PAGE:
Interest Rates: Everything you ever wanted to know Article Discussion

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MSE_Martin
MSE_Martin Posts: 8,272 Money Saving Expert
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edited 10 June 2010 at 3:06PM in Loans


This thread is specifically to discuss the content of the

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PS IF THIS ISN'T EVERYTHING YOU WANTED TO KNOW AND THERE'S MORE... THEN ASK ABOUT IT BELOW AND I WILL TRY AND ADD IT WHEN I DO AN UPDATE.... Martin
Martin Lewis, Money Saving Expert.
Please note, answers don't constitute financial advice, it is based on generalised journalistic research. Always ensure any decision is made with regards to your own individual circumstance.
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Comments

  • kevin_M
    kevin_M Posts: 551 Forumite
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    I was just thinking about this the other day :). Thanks Martin

    Everything I have ever wanted to know :)
  • Former_MSE_Archna
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    Thanks Gary,

    That's been amended.
  • kathfisch
    kathfisch Posts: 3,042 Forumite
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    Thanks for this article Martin - very interesting and informative!!

    I shall continue to bore the p@nts off my family with moneysaving info, thanks to this ;):D
    Don't stress, relax, let life roll off your backs. Except for death and paying taxes, everything in life is only for now... Avenue Q
    Official DFW Nerd Club - Member no. 003 :DProud to have become debt free... and striving to keep it that way
  • kennyh_2
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    Hi Martin,
    Is there a threshold beyond which interest rates might be unlawful. In short where does 'flaming high' (like bank overdraft int rates) become usurious.
  • juguete
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    Also worth checking if these APR's include security release fees (which apparently banks can legally collect without even giving customers notice).

    Also, do you have the sums in a spreadsheet formula the calculations? I get the idea but how do you calculate the APR for the loan that starts at 4.5% for two years then moves to 6.5% for the remaining 23 years.

    Thanks in advance
  • charlie12
    charlie12 Posts: 1,668 Forumite
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    Great guide, thanks.

    I've since noticed how credit card providers don't actually use the term APR after the percentage when stating balance transfer rates, because the rate doesn't include the balance transfer fee.

    For example the Virgin card states:

    0% p.a. on balance transfers for 12 months
    0% p.a. on purchases for 3 months
    15.9% APR typical rate (variable)

    Very sneaky, I hadn't noticed this before. From casually looking at the rates one would assume that all three rates are APR rates.

    I guess this is how they can get away with stating 0% when the APR is actually higher when taking account of the fee. One can no longer make an "easy" comparison as the fees differ.

    Dodgy stuff, I hope the FSA put rules in place to force card companies to show the true APR rates.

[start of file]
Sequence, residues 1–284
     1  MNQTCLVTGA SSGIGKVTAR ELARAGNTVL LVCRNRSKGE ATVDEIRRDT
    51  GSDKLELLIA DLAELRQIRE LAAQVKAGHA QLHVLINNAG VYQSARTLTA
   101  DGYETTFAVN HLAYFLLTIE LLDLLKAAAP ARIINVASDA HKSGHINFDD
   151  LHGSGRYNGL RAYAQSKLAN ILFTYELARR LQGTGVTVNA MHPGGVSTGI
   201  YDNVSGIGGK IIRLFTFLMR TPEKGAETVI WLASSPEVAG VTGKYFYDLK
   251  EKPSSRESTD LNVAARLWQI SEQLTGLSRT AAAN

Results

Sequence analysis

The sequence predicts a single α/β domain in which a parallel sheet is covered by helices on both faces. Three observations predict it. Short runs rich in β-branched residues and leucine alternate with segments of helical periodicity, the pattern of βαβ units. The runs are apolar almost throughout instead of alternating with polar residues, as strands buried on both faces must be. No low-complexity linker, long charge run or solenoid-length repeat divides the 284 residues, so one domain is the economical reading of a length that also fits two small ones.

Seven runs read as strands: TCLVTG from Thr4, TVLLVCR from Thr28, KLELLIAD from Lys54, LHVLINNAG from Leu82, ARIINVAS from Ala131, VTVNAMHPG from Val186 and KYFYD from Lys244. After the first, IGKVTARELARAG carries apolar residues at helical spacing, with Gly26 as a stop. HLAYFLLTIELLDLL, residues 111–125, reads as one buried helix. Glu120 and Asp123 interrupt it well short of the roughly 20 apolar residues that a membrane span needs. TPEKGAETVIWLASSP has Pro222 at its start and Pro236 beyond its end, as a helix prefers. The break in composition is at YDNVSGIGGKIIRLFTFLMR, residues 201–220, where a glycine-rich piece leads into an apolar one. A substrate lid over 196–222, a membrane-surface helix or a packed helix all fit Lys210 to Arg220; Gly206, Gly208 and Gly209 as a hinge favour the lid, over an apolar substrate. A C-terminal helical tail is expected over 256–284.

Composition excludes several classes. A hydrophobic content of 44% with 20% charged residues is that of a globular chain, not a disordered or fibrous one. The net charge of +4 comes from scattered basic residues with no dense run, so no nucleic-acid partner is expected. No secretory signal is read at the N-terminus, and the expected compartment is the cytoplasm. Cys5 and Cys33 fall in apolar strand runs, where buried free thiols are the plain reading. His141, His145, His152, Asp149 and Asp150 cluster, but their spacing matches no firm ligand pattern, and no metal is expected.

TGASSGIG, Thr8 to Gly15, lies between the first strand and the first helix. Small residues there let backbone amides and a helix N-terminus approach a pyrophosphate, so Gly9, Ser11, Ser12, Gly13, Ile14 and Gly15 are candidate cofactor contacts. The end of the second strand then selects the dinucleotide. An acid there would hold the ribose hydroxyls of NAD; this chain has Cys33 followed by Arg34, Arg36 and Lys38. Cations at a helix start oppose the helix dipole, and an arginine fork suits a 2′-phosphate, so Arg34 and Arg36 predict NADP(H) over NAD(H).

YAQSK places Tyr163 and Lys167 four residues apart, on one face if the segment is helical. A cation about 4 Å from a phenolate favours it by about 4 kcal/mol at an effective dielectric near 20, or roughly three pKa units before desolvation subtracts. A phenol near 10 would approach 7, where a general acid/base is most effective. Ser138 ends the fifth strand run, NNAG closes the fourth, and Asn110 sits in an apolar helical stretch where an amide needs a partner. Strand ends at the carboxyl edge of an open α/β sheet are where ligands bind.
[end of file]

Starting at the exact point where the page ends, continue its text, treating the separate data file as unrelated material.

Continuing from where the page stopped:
• polka.dot
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    Martin,

    Under "The thorny issue of tax and interest" you said:

    Higher Rate Tax. Those who pay the higher rate of tax (roughly those who earn over £38,335 in 2006/7) pay 40% on both.

    Yet the Inland Revenue says those who earn over £3300 pay 40% tax - see http://www.hmrc.gov.uk/rates/it.htm

    Am I missing something? Can you please explain?
  • chani1
    chani1 Posts: 76 Forumite
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    thanks good to know
    :D
  • jamesd
    jamesd Posts: 26,103 Forumite
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    polka.dot, the amount is based on taxable income, after the personal allowance has been deducted from income. For 2006-2007 that means the higher rate threshold is 5035 personal allowance plus the 33300 taxable income threshold. This is the 38335 figure given in the article.
  • Justine_M
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    I had a salesman from Dolphin bathrooms 'round last weekend. He quoted me £9,000 for a new bathroom if I took out finance with GE Capital, when I said I was wary of taking finance and would rather wait until I had saved up (how long would that take!) he said if I paid without the finance option the bathroom would cost me £10,116.
    I asked him what the APR was and he said I didn't really mean the APR, what I meant was the interest rate, which was 19%, but having a sneaky look at his paperwork, the APR was quoted as 24%.:confused:
    Can anyone help me understand this? Is it really cheaper to take the finance (over 10 years but you can pay it off at any time, monthly amount 'roughly' £160.) Why did he choose not to tell me the APR? Why do I feel like he's manipulating me! Is he in breach of the FSA to not disclose the APR or provide me with any breakdown of how he got to the £9,000 figure?
    In the end I had to give him a cheque for £100 to 'hold' the price whilst we thought about our options. It was the only way he was going to leave, after 3 hours! :eek:
    THANKS!
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